Online edition
Previous editions

Don't miss

  • Watch the webcast of the final press conference of the OECD annual ministerial meeting 2018.
  • International co-operation, inclusive growth and digitalisation lead the themes of the 2018 OECD Forum in Paris on 29-30 May, under the banner of What brings us together www.oecd.org/forum. It is held alongside the annual OECD Ministerial Council Meeting on 30-31 May, chaired this year by France with a focus on multilateralism www.oecd.org/mcm.
  • Listen to the "Robots are coming for our jobs" episode of The Guardian's "Chips with Everything podcast", in which The Guardian’s economics editor, Larry Elliott, and Jeremy Wyatt, a professor of robotics and artificial intelligence at the University of Birmingham, and Jordan Erica Webber, freelance journalist, discuss the findings of the new OECD report "Automation, skills use and training". Listen here.
  • Do we really know the difference between right and wrong? Alison Taylor of BSR and Susan Hawley of Corruption Watch tell us why it matters to play by the rules. Watch the recording of our Facebook live interview here.
  • Has public decision-making been hijacked by a privileged few? Watch the recording of our Facebook live interview with Stav Shaffir, MK (Zionist Union) Chair of the Knesset Committee on Transparency here.
  • Can a nudge help us make more ethical decisions? Watch the recording of our Facebook live interview with Saugatto Datta, managing director at ideas42 here.
  • Ambassador Aleksander Surdej, Permanent Representative of Poland to the OECD, was a guest on France 24’s English-language show “The Debate”, where he discussed French President Emmanuel Macron’s speech at the World Economic Forum in Davos.
  • The fight against tax evasion is gaining further momentum as Barbados, Côte d’Ivoire, Jamaica, Malaysia, Panama and Tunisia signed the BEPS Multilateral Convention on 24 January, bringing the total number of signatories to 78. The Convention strengthens existing tax treaties and reduces opportunities for tax avoidance by multinational enterprises.
  • Rousseau
  • Do you trust your government? The OECD’s How's life 2017 report finds that only 38% of people in OECD countries trust their government. How can we improve our old "Social contract?" Read more.
  • Papers show “past coming back to haunt us”: OECD Secretary-General Angel Gurria tells Sky News that the so-called "Paradise Papers" show a past coming back to haunt us, but one which is now being dismantled. Please watch the video.
  • When someone asks me to describe an ideal girl, in my head, she is a person who is physically and mentally independent, brave to speak her mind, treated with respect just like she treats others, and inspiring to herself and others. But I know that the reality is still so much different. By Alda, 18, on International Day of the Girl. Read more.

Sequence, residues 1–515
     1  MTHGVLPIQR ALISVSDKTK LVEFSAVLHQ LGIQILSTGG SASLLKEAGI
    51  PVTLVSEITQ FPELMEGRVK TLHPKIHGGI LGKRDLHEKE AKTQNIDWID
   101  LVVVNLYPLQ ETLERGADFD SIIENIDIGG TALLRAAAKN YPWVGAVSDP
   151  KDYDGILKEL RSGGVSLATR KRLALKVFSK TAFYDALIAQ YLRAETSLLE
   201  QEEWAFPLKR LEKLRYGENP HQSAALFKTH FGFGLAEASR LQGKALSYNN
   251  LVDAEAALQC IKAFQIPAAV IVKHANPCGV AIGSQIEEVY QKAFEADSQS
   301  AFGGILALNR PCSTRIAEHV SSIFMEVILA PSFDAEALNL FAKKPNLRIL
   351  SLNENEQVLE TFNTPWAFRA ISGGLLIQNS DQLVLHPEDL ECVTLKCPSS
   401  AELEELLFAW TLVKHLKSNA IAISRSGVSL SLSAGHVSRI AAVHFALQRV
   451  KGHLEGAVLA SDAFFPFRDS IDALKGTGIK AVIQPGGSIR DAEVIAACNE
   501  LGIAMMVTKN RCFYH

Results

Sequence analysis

• Globalisation’s many benefits have been unequally shared, and public policy has struggled to keep up with a rapidly-shifting world. The OECD is working alongside governments and international organisations to help improve and harness the gains while tackling the root causes of inequality, and ensuring a level playing field globally. Please watch.
  • Read some of the insightful remarks made at OECD Forum 2017, held on 6-7 June. OECD Forum kick-started events with a focus on inclusive growth, digitalisation, and trust, under the overall theme of Bridging Divides.
  • Checking out the job situation with the OECD scoreboard of labour market performances: do you want to know how your country compares with neighbours and competitors on income levels or employment?
  • Trade is an important point of focus in today’s international economy. This video presents facts and statistics from OECD’s most recent publications on this topic.
  • The OECD Gender Initiative examines existing barriers to gender equality in education, employment, and entrepreneurship. The gender portal monitors the progress made by governments to promote gender equality in both OECD and non-OECD countries and provides good practices based on analytical tools and reliable data.
  • Interested in a career in Paris at the OECD? The OECD is a major international organisation, with a mission to build better policies for better lives. With our hub based in one of the world's global cities and offices across continents, find out more at www.oecd.org/careers .
  • Visit the OECD Gender Data Portal. Selected indicators shedding light on gender inequalities in education, employment and entrepreneurship.

Most Popular Articles

OECD Insights Blog

NOTE: All signed articles in the OECD Observer express the opinions of the authors
and do not necessarily represent the official views of OECD member countries.

All rights reserved. OECD 2018